Ray’s Whippy, Talacre, 2016

I had no idea what this young girl was doing. Some kind of freaky Michael Jackson thriller dance I think. She was having fun anyway. I wish I could go back to being that age sometimes, just to get away from the responsibilities of adult life and re-live that part of your life where you really don’t give a shit what anyone thinks of you.


Kid Dancing, Talacre, 2016

I actually took a few shots of the lighthouse, but this was my favourite. A mother trying very hard to get her kids to stand still so she could get a family photo. The fourth, and smallest child, was standing in front of the lighthouse door and is completely in shadow. The boys ran off into the sea shortly after I took this frame.


Family Photo, Talacre, 2016

I couldn’t resist taking this shot of an overflowing bin. It pretty much sums up a weekend of sunshine at the beach for me, because it shows how busy it had been that day with thousands of people making a pilgrimage to the seaside for fish and chips, beer and sunbathing. I was pretty lucky that the girl was walking past at that time, because I never saw anyone else behind that fence all afternoon. I think most of the dunes are off limits for conservation purposes.


Overflowing Bin, Talacre, 2016

Learn something new every time you shoot

When I got home I reviewed my shots. Deleted the crappy ones, and post-processed the keepers. I’m generally happy to get one good shot from a day’s shooting and considering how few I’d taken to begin with I was fairly pleased.

That was until I looked through my phone later that evening and saw this one I’d taken on the way to the beach.


Bridge, Flintshire, 2016

When we were driving to the beach we passed over the Flintshire bridge. I wanted to take a shot but didn’t have time to grab my camera, and I was driving so, you know, safety first and all that. So I quickly fired up the camera app in my phone and hit the shutter. I didn’t even have time to compose. The photo was taken with the phone still in it’s cradle on my dashboard; hence the wonky horizon. I never saw the photo I took and figured it wouldn’t be any good. I completely forgot about it but when I saw the photo again in my phone gallery that night, the thing that annoyed me about it was that I fell in love with it.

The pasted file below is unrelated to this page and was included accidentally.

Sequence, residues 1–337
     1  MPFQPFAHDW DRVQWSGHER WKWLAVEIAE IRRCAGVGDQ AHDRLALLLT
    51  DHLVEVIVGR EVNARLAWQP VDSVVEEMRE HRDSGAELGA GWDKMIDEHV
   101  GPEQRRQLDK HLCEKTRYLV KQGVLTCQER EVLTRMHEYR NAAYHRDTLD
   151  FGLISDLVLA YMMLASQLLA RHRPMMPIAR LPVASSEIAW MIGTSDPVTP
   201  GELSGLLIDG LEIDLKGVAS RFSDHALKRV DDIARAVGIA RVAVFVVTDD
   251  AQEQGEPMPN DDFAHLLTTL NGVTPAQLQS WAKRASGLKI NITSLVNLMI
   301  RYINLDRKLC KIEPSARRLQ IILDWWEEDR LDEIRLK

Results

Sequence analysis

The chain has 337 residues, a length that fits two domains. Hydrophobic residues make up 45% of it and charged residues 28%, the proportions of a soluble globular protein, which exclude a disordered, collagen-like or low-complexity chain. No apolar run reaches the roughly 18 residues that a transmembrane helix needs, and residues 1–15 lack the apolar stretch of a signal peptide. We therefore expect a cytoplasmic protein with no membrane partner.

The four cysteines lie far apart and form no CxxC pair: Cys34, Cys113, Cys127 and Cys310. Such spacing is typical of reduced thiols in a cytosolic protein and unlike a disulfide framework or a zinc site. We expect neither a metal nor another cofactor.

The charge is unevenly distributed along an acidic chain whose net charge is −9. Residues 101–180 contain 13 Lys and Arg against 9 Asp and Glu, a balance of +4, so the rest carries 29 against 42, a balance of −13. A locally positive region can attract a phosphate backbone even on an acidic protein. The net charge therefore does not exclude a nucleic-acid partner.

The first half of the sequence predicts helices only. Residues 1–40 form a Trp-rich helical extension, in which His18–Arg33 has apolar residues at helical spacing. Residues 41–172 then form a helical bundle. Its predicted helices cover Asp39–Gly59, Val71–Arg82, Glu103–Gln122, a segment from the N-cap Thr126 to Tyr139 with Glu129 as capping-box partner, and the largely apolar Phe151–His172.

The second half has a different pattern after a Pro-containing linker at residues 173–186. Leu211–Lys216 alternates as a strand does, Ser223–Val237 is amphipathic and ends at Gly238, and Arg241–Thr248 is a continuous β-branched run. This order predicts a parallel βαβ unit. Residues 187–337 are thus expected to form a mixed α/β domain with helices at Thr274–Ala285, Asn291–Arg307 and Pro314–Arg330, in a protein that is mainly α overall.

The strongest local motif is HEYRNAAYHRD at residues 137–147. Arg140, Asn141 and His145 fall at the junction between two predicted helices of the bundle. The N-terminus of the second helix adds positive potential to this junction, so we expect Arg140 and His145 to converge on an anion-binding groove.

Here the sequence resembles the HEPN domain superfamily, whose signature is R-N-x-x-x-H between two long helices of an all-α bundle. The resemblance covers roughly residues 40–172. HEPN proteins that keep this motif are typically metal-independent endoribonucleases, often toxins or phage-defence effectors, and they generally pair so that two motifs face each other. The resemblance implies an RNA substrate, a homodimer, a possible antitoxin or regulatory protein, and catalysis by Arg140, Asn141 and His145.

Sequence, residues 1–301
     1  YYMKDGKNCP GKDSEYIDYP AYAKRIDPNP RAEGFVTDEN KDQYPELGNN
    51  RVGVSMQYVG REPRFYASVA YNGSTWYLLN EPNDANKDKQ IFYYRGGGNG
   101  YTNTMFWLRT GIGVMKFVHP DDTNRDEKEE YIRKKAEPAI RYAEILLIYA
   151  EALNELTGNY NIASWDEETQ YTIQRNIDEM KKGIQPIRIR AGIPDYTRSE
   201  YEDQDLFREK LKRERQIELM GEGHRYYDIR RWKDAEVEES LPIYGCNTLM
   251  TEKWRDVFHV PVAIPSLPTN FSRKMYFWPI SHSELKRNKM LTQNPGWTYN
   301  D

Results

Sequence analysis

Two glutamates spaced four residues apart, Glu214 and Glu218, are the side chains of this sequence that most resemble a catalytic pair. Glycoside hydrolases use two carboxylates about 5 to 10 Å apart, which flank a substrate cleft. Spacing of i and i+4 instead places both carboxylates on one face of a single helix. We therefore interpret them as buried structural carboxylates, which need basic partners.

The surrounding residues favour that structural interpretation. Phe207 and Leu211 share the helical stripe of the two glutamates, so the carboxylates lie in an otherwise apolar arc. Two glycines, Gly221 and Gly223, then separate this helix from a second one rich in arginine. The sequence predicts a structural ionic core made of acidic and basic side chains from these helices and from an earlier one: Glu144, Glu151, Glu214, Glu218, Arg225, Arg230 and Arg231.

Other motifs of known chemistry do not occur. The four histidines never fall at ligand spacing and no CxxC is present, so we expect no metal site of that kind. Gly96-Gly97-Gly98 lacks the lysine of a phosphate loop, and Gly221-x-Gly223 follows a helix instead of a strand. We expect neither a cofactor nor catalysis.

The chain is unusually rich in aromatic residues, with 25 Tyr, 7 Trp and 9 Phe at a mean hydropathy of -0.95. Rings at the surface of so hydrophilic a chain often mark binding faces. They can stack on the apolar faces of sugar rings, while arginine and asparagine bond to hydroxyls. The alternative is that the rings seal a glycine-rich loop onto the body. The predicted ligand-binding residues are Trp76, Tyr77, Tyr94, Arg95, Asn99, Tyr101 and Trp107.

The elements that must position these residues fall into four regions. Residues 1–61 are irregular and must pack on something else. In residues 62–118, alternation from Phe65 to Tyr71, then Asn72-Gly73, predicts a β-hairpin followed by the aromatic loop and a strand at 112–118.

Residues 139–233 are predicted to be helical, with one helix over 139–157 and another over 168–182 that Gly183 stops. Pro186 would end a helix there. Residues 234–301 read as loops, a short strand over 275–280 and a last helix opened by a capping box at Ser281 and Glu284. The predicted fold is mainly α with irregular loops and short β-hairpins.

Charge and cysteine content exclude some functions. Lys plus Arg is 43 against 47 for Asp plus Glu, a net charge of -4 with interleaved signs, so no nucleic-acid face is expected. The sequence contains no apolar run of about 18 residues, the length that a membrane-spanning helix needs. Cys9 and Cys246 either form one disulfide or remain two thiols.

Having gone all that way with the intention of taking photos it bugged me that the best shot of the day was taken before I even got there and that I didn’t even think about it. As photographers, we spend so much time learning how to take good photos and we put a lot of thought into every shot. My favourite shot of the day being the complete opposite of that kind of griped me for a little while. You might not think it’s the best shot of the day, but I do. That’s the wonderful thing about photography to me; you can take a picture of something completely unrelated to what you were doing at the time but it can remind you of who you were with, what you were talking about, how you felt, etc… Maybe I liked it most cos it reminded me of our road trip in the sun with all the excitement of what was to come. Maybe I was unhappy because it made me realise that I’m not actually that good at taking photos and that really it all just comes down to luck. Maybe I haven’t improved at all in the time I’ve been taking photos. I dunno.

In the end I got over it pretty quickly, and I guess that it’s the photo that matters, not how it was made. I think that’s the lesson I learned that day.